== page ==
“It is my hope that the Iranian authorities will view my mandate as a secure and legitimate space in which to take steps to comply with its international human rights obligations, as well as an opportunity to address the areas of concern communicated to Iran during its interactions with the international community on human rights issues,” said Ahmed Shaheed.Mr. Shaheed, a former Foreign Minister of the Maldives, officially began his duties as the UN Special Rapporteur on the situation of human rights in Iran on Monday. He reports in an independent and unpaid capacity to the Geneva-based UN Human Rights Council. He underscored his firm belief that the establishment of the new mandate “provides an opportunity for Iran to engage on a range of human rights issues that have been raised by the international community.” Mr. Shaheed has sought meetings with the Iranian representatives to the UN Office in Geneva to discuss cooperation in the months ahead. His first report will be submitted to the sixty-sixth session of General Assembly, which begins next month. He is seeking Iran’s cooperation to ensure “fair and accurate” reporting on its human rights situation, and developing constructive engagement between Iran and the UN human rights machinery, according to a news release issued in Geneva. He will also work closely with Iranian civil society and human rights defenders.“Every effort shall be made to demonstrate both the steps that the Iranian authorities can take to comply with Iran’s international obligations, as well as to draw attention to the grievances of those who feel victimized by alleged human rights violations,” said Mr. Shaheed, who was appointed to his post by the Human Rights Council on 17 June. 3 August 2011The new United Nations expert dealing with human rights in Iran today appealed to Tehran to fully cooperate with him in addressing issues of concern raised by the international community.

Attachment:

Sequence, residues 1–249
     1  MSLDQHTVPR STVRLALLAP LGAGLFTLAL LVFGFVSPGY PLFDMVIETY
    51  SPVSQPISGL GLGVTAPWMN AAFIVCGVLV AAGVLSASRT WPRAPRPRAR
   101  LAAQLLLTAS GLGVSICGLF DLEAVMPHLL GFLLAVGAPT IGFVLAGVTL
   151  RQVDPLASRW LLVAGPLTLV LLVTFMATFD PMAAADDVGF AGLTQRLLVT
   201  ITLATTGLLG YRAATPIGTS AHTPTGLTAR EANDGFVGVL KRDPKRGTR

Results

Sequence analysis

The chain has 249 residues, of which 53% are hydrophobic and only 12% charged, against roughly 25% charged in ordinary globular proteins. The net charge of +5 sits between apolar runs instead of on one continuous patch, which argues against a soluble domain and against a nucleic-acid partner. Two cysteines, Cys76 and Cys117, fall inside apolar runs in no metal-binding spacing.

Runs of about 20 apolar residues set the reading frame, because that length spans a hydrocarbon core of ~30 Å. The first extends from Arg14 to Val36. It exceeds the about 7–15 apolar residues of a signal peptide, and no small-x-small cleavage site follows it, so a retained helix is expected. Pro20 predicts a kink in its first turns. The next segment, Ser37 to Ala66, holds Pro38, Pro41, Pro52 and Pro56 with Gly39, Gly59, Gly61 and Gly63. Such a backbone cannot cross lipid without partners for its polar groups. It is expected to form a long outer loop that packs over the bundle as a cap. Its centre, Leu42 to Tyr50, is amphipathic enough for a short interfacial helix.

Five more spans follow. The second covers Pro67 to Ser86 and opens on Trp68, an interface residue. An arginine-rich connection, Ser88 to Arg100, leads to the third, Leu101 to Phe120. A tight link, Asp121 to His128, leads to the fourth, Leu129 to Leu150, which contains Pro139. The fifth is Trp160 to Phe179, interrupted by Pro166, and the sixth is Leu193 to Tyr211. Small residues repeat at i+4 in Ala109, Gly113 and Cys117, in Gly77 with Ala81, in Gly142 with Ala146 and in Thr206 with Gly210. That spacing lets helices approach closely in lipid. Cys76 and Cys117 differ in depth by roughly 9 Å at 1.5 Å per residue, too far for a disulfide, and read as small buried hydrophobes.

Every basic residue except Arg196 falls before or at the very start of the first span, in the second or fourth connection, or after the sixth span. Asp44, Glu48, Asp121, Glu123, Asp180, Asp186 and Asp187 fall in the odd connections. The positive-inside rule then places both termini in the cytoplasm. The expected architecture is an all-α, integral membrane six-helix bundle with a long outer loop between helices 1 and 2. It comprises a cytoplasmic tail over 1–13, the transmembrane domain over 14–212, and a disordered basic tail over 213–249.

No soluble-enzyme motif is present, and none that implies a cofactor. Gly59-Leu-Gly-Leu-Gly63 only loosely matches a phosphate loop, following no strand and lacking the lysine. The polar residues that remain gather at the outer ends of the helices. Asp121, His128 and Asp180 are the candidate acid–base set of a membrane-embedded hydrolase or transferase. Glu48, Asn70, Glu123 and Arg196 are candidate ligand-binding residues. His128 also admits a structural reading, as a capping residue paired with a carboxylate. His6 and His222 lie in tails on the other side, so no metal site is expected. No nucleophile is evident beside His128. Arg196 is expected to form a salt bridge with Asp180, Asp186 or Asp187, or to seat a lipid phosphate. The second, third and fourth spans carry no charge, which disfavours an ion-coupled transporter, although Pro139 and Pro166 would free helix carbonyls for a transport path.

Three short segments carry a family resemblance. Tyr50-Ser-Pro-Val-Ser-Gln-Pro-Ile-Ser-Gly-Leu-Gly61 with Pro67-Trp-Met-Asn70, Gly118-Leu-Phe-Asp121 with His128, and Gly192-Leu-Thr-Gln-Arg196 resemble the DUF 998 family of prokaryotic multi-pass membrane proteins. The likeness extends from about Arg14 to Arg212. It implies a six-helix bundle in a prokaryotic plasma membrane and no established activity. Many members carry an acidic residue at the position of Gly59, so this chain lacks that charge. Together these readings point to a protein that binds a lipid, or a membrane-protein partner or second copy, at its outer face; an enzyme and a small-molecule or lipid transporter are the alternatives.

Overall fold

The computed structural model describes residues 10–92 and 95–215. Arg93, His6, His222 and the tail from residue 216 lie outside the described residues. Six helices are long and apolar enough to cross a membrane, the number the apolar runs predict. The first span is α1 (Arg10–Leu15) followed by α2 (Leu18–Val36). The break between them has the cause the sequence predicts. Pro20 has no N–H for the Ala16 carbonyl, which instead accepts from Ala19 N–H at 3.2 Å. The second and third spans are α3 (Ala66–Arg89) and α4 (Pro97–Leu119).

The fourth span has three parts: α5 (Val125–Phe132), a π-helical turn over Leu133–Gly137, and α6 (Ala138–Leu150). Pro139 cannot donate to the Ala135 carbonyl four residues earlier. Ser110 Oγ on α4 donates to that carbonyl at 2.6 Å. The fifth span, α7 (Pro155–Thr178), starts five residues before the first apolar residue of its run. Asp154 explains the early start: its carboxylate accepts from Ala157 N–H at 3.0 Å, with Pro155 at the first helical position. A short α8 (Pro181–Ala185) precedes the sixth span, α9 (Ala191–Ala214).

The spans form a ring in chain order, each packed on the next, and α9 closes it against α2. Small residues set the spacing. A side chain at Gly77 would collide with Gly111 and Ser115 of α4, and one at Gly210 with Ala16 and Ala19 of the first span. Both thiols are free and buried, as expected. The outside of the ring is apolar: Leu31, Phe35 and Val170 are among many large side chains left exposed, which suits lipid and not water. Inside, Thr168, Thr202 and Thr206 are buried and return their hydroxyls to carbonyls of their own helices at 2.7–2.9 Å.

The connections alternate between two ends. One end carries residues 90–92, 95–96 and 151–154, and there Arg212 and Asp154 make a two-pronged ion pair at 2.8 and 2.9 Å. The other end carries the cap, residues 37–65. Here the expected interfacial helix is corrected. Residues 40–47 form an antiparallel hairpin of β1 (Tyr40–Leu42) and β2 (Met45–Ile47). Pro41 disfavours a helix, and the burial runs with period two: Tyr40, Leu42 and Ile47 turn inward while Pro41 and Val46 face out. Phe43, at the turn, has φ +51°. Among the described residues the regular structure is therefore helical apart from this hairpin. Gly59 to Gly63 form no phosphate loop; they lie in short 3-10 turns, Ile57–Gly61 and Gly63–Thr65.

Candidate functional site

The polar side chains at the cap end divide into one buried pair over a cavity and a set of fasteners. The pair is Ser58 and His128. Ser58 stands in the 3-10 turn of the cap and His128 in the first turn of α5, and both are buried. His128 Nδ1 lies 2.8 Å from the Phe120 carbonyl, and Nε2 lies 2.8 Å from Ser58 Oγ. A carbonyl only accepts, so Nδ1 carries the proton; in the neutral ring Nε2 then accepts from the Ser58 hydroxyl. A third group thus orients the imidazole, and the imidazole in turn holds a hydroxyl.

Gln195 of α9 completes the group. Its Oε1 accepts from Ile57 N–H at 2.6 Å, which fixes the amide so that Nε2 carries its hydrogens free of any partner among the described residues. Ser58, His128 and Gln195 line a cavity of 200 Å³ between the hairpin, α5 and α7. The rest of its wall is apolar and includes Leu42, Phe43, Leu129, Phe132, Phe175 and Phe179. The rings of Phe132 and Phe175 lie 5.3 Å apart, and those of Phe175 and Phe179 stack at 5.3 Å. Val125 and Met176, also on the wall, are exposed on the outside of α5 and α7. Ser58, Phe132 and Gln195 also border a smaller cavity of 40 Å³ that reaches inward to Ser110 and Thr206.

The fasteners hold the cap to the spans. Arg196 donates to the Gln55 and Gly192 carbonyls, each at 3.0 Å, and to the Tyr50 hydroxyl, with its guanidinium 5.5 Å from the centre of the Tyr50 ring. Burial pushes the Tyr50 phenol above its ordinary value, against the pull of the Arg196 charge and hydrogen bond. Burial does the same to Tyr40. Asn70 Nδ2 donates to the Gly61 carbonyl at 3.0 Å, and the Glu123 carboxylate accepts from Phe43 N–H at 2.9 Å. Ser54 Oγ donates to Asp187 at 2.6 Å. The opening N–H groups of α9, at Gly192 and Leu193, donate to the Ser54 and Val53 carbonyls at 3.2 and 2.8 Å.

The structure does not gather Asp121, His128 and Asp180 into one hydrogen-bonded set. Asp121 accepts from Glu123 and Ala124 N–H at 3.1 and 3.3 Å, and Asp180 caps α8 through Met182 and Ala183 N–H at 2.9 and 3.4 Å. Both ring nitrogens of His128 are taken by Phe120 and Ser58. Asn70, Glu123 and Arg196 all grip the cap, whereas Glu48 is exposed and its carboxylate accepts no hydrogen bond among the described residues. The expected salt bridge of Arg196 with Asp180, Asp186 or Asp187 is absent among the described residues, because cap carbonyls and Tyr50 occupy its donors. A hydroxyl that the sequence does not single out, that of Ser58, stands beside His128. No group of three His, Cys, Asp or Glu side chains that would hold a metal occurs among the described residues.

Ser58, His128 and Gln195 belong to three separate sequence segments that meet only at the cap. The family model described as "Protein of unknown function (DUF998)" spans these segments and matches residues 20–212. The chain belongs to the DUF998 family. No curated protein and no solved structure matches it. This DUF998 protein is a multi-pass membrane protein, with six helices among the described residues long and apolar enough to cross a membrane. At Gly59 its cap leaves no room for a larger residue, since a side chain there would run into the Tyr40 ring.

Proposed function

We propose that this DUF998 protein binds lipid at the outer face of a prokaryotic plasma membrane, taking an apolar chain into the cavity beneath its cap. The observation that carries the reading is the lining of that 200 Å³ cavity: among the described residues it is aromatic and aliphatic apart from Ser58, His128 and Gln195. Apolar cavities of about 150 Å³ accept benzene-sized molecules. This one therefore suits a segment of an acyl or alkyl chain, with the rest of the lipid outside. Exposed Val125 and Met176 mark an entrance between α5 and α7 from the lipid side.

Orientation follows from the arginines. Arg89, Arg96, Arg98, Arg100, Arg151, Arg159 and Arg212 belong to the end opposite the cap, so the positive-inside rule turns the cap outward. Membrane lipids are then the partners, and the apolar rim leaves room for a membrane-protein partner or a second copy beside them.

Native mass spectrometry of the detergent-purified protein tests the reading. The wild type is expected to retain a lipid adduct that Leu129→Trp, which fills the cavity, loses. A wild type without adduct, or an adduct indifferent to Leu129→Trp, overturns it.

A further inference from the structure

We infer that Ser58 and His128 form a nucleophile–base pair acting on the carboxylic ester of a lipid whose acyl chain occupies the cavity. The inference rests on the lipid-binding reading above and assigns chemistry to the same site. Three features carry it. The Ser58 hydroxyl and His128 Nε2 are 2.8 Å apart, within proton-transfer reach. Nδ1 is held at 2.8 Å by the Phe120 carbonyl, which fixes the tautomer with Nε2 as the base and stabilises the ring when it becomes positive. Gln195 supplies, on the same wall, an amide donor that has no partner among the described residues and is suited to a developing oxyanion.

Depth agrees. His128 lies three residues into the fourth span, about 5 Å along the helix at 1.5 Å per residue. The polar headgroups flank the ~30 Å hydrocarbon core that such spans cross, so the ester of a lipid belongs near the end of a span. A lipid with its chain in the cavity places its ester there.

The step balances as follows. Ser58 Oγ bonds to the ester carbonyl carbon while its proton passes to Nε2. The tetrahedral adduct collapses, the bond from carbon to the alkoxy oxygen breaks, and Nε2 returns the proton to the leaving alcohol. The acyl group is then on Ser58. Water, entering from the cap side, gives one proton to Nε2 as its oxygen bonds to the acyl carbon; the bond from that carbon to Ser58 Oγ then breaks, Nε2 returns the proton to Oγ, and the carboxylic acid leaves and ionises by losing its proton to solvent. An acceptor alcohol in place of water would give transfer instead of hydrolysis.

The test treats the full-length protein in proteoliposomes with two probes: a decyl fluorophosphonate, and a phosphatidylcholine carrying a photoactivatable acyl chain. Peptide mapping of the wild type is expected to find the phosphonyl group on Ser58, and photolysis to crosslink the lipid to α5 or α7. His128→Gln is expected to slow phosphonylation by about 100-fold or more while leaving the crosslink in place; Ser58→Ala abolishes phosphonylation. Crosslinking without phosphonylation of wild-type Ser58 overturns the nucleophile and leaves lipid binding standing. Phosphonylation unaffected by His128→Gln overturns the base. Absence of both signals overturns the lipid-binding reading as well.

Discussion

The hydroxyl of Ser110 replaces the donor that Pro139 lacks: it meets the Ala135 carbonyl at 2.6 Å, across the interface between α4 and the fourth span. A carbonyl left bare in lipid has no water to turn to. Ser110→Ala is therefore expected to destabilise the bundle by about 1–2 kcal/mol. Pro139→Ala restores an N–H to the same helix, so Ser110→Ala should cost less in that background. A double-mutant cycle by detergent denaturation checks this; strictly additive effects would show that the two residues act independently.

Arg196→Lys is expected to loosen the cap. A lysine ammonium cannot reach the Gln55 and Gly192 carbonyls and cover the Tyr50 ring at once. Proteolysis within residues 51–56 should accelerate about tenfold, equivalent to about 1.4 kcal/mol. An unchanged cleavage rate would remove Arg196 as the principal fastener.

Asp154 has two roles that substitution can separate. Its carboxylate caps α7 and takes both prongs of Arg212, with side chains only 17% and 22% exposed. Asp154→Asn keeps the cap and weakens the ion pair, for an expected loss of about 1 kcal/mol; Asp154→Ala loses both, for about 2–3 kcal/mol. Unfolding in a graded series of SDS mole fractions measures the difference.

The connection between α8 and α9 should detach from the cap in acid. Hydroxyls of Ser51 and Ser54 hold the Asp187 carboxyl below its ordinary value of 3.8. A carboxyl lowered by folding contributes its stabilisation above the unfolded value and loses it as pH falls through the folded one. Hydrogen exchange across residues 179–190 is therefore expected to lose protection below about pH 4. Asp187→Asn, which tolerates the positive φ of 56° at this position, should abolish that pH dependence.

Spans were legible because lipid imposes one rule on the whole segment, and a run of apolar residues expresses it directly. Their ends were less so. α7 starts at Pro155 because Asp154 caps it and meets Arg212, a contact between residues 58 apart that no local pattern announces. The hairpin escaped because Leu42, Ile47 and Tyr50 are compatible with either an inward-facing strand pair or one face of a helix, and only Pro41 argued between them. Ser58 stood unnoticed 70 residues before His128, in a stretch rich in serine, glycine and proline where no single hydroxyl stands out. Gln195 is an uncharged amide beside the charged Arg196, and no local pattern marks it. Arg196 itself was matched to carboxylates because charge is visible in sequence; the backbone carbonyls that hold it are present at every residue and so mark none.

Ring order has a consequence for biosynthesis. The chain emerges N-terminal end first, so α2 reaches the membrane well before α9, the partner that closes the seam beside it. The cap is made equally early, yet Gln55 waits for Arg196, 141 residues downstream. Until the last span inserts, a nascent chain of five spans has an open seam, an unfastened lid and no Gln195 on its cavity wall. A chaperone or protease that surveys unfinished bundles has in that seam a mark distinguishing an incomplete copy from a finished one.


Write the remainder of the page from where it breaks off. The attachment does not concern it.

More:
“We cannot realistically talk about bridging the digital divide and improving livelihoods without addressing the needs of the 2 billion people in the world who have no electricity,” said Mohamed El-Ashry, the Chief Executive Officer and Chairman of the Global Environment Facility (GEF), which sponsored the event. “And if we keep on encouraging countries to generate energy by burning fossil fuels, we threaten not just to push them further into debt, but also to pollute the air they breathe and increase global warming.” The issue of renewable energy is not so much an issue of technologies, but an issue of business planning, Mr. El-Ashry said. “It is a question of looking at capacity, looking at policies, looking at incentives.”Co-chaired by Mr. El-Ashry and Nitin Desai, UN Under Secretary-General for Economic and Social Affairs, the panel featured Ugandan Energy Minister Syda Bbumba, Professor Jose Goldemberg of the University of Sao Paulo (former Minister of Energy of Brazil) and Sir Mark Moody-Stuart, Chairman of the Royal/Dutch Shell Group. All of the panellists agreed that high cost was one of the prime obstacles to wider use of renewable energy technologies. “Solar panels cost between $600 and $800,” Minister Bbumba said, stressing that such an amount was prohibitive for most people in developing countries. Insufficient technical capacity, lack of maintenance services and manufacturing capacity were other impediments, she said. Mr. Moody-Stuart, the co-chair of a G-8 Task Force charged with “working out the barriers” to the use of renewable energies, said the group had identified high cost, insufficient human and institutional infrastructures, “relatively weak incentives” and inconsistent policies as the main obstacles to the use of renewable energy technologies. “If we want to drag the costs down, we have to expand the market,” he said. “And the biggest market is in the developing countries.” Professor Goldemburg, referring to a major assessment prepared for the current session of the UN Commission on Sustainable Development, said the use of fossil fuel in developing countries was the main contributor to environmental health problems, and that social access to energy was a major cause of political instability. “People [in developing countries] have to be helped on all kinds of grounds and energy is one area where they can be helped to address their problems,” he said, warning that “in 15 years, the developing countries will be consuming as much energy as the developed countries.”Issues related to energy, particularly renewable energy technologies, are high on the agenda of the 9th session of the Commission on Sustainable Development, which is meeting in New York through 27 April.